Ellos escriben is for when it's all men or men and women who write, ellas escriben is for when it's all women, and ustedes is you all in general. Usteded is both man and female. usted is the formal version of tu, you would use it for a teacher or an elder rather than a friend. Thank you high school spanish :)
Usted is a more formal form of Tu. You might use Usted towards your boss while you'd use Tu with your amigo.
Can't help you with the rest, sorry :(
Why would it be "ellos escriben" instead of "ustedes escriben"? Why aren't they both correct?
Ustedes is "You (plural)". If I'm a teacher addressing my students I would say, "You need to open your books to page 113." Ellos is used to describe a large group of people indirectly (not speaking directly to them). If I'm addressing a fellow teacher I would say that, "They need to open their books to page 113". If even one male is in the group, I would use "ellos". If the group is entirely female (zero men), I would use "ellas". Usted is the formal "you" used when the subject is singular; i.e. if I'm addressing my boss I would say, "You asked me to have the students read page 113". Tú is the informal "you" used when addressing a friend or someone of the same or lesser social status. I would use this when addressing one student in the front of class saying, "You need to open your book to page 113", or when addressing a fellow teacher, "You need to have them student page 113."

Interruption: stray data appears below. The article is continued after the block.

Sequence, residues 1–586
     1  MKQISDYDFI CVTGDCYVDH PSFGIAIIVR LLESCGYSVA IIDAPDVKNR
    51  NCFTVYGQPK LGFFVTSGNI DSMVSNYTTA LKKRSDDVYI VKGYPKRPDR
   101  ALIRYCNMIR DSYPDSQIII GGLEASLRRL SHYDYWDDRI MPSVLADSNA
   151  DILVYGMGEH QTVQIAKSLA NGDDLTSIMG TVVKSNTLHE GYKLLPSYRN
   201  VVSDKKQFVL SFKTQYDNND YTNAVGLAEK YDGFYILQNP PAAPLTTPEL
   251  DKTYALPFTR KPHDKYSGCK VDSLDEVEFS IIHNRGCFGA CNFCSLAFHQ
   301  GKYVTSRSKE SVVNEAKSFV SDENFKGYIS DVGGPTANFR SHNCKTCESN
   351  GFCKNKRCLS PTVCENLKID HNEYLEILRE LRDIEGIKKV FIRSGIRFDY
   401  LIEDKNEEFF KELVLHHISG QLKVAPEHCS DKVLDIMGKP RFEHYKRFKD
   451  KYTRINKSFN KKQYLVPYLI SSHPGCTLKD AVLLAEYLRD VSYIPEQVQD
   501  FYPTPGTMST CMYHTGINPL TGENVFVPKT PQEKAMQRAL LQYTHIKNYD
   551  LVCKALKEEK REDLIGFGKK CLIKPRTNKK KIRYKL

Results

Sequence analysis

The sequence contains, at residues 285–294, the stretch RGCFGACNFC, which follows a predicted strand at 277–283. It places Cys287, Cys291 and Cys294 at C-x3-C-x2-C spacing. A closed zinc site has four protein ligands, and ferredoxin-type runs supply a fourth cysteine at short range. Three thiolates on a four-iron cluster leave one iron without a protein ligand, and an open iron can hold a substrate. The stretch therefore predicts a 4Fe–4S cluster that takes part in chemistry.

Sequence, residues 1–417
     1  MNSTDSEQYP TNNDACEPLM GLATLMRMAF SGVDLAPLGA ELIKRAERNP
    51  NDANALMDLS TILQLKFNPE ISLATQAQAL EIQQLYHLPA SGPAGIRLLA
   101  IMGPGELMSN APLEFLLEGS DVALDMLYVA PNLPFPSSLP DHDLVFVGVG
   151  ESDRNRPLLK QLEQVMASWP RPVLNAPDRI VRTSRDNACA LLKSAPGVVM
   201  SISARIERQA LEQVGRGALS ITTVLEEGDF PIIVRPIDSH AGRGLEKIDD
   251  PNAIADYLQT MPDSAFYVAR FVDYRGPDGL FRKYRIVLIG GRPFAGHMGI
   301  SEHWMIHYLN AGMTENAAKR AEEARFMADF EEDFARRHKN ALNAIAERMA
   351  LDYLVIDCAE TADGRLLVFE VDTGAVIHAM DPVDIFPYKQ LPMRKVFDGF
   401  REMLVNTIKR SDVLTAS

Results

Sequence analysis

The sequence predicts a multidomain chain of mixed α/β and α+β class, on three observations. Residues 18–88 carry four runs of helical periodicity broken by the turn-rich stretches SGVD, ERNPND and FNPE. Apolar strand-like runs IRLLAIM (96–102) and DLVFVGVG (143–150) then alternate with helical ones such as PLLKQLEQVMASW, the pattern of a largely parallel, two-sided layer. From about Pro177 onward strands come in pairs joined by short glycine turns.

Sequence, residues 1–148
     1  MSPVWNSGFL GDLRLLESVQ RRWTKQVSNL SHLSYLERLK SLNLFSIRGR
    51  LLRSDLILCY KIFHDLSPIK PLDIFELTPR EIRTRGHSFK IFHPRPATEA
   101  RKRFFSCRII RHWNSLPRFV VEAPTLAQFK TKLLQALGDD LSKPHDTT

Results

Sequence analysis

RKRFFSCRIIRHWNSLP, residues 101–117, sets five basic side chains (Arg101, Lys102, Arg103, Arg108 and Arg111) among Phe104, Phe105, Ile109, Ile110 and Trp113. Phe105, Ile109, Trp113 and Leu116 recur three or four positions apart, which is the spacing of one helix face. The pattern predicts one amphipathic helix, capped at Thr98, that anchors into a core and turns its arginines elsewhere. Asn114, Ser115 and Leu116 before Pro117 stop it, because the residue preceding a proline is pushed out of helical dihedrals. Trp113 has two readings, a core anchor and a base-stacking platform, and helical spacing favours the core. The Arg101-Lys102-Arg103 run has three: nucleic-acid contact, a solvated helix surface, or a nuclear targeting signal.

Ellos is they, when you are talking to another person about "them". ustedes escriben is when you are directly talking to a group of people.
If you are talking to a group you address them as "ustedes" if you are talking about a group you refer to them as "ellos/ellas".
MIssNaturalle: Just to add: "ustedes" in all the world except Spain is plural for you, formal (polite) AND informal.
I do not think you're suppose to use two conjugated verbs back to back like that . "Son" alone can mean "They are". And "escriben" alone can mean "they write". Put them together and you get a monstrosity like "they are they write" :)
so the 2nd and 3rd form use both the same verb variation like they and you all use beben, is that right?
Somewhat. Tú and its plural vosotros have their own forms, but usted uses the the third-person singular and ustedes uses the third-person plural.
I think that "Ellos escriben" is the most suitable version, if we are talking about 1 option out of 3. But I guess here the correct version was to chose both: with Ellos and ellas as well, right?
Instead of "Ellas escriben." would "Son escriben" work?
update edit: thank you rocko2012!
No, I do not think you can/need to use two conjugated verbs together like that. You probably could use "Ellas son escribir" = "They are writing" but note "escribir" is the non-conjugated verb.
You are sort of close, but no seegar. You are right that just like in English, you don't put two conjugated verbs together; you put a verb and a gerund. "Yo soy escribiendo" "I am writing." Caution: there are two forms of "to be:" estar and ser. They are used to convey different senses of being. You'll get into them soon enough, but estar (Yo estoy escibiendo) would actually be the one you want in this case.
I gave right answer (third time) and it continues to mark this one wrong. FYI, must be some weird glitch in the system,